Dec 27, 202209:21 AM - edited Dec 27, 202210:30 AM
This is a Tell; not a Show.
Prompt engineering, also known as shaping prompts to get exactly what you want from GPT-3 and ChatGPT will eventually bite you.
This post is here only so that I can say 6 months from now - I tried to warn you.
The core model used by GPT-3 is text-davinci-003. GPT-4 is on the near horizon and it will be so much more advanced, the prompts you build into your applications today will be fundamentally useless with text-davinci-004.
Prompt engineering is also aptly referred to as "spell casting". You can cast spells on LLM's (large language models) quite easily to achieve favorable results. GP3, for example, glosses over intermediate steps to reach conclusions, often resulting in misleading or entirely wrong conclusions. It is especially poor at math and computations in excess of three digits. But, when you insert a simple phrase "step by step" into the prompt, it seems to get a lot smarter. In some cases, this simple prompt assertion can increase its intelligent five times.
The prompts engineered for GP2 by countless beta testers and practitioners representing hundreds of thousands of hours in effort, pretty much completely fail when applied to GP3.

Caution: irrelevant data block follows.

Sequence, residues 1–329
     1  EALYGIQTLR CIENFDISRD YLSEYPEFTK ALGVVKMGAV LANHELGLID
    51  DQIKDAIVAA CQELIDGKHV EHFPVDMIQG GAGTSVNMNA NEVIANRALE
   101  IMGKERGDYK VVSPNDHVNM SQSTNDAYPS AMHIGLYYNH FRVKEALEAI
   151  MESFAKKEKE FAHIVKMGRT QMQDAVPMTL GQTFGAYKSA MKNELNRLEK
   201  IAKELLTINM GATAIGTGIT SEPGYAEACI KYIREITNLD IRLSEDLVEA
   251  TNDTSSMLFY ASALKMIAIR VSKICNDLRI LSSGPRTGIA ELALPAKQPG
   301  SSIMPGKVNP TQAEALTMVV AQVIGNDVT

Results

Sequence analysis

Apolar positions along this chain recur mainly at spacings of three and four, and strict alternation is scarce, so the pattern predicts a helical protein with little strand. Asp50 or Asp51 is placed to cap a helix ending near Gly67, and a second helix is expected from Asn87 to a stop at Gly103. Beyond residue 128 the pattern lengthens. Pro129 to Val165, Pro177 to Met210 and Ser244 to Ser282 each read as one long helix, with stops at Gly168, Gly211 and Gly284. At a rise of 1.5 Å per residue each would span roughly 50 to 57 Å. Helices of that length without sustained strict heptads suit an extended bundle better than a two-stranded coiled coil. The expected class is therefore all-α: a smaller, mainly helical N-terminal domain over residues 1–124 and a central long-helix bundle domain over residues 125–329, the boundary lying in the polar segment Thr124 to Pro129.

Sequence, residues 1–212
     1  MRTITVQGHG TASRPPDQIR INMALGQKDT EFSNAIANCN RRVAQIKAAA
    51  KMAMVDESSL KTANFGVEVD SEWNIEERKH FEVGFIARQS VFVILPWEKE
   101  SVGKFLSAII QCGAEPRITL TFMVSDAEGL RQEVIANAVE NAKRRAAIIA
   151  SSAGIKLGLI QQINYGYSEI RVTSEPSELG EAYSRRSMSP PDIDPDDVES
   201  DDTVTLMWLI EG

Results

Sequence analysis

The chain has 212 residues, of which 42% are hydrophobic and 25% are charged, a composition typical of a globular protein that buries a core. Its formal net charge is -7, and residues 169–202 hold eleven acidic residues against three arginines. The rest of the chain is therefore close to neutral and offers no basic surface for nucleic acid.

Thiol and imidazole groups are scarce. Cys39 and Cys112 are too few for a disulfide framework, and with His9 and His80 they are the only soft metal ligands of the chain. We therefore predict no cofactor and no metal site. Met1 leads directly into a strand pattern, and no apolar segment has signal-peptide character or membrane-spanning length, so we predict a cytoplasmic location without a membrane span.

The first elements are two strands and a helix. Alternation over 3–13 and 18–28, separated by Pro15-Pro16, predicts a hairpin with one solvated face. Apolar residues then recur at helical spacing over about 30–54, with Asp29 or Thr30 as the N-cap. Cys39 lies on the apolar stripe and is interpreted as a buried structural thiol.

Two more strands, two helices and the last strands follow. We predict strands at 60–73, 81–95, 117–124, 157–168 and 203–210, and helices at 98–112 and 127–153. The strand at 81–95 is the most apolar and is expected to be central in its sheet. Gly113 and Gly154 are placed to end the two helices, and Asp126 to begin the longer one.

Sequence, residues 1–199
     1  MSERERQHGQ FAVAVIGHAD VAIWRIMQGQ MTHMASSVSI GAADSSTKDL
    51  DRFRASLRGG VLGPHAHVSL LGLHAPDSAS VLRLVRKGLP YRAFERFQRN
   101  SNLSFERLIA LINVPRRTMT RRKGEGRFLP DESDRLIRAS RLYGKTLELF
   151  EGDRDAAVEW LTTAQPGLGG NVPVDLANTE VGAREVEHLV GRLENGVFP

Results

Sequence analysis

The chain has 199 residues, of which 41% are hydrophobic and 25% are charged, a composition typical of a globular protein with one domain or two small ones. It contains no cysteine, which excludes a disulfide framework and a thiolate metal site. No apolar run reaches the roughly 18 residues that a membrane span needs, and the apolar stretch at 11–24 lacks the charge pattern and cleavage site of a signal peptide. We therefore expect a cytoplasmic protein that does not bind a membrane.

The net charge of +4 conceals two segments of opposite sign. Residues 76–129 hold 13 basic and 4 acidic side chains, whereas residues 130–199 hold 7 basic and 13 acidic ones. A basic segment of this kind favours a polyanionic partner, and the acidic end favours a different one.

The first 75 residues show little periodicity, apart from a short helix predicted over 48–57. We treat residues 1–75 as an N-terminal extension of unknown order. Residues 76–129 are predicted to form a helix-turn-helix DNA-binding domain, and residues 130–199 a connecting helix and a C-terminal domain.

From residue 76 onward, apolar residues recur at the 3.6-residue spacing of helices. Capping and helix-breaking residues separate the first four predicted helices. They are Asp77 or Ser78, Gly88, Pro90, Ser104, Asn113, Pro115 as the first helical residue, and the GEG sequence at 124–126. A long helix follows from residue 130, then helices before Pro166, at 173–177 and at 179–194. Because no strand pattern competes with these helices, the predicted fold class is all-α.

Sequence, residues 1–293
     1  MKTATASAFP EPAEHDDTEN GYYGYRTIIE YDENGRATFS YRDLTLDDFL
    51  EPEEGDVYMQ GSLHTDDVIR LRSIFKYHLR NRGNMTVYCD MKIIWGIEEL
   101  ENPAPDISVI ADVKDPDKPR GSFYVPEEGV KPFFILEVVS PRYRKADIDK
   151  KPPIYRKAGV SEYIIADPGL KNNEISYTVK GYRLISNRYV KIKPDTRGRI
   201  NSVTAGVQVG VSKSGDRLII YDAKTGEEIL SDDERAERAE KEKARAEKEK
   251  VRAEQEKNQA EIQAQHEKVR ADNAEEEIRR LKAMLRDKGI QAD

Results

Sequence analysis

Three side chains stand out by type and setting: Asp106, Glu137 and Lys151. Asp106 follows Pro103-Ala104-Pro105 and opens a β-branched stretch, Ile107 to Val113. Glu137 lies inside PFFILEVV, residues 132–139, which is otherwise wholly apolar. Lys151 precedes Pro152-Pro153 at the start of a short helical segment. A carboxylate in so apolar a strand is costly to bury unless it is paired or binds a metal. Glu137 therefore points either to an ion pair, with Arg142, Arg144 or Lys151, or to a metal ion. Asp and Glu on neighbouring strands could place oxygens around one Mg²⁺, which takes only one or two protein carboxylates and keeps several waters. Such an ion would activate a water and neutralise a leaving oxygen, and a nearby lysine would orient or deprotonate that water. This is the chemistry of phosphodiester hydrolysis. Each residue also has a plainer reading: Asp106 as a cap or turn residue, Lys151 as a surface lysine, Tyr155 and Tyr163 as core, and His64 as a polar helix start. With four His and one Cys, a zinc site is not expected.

This a very interesting topic! To start I wanted to highlight part of Wikipedia about ChatGPT:
"Its uneven factual accuracy was identified as a significant drawback." - I just love the uneven factual accuracy as term, we might adopt it in other areas of life as well.
In my code editor I have been using Copliot (based on GPT) for a while and it has been extremely timesaving, but I rarely use it for more than single / double line completion.
Last week I have used ChatGPT a couple of times to help me with some more advanced TypeScript types (instead of scouring Stackoverflow + TS docs). The results were useful but unevenly accurate... Sometimes through careful crafting of prompts I was able to get result, that looked exactly what I wanted it to be. Only to realize that transformation proposed by ChatGPT were how I wanted TypeScript to work, not how it really works.
I have not tried adding "step by step" or anything similar, but probably even then I will be safer with assumption that results will be unevenly factually accurate.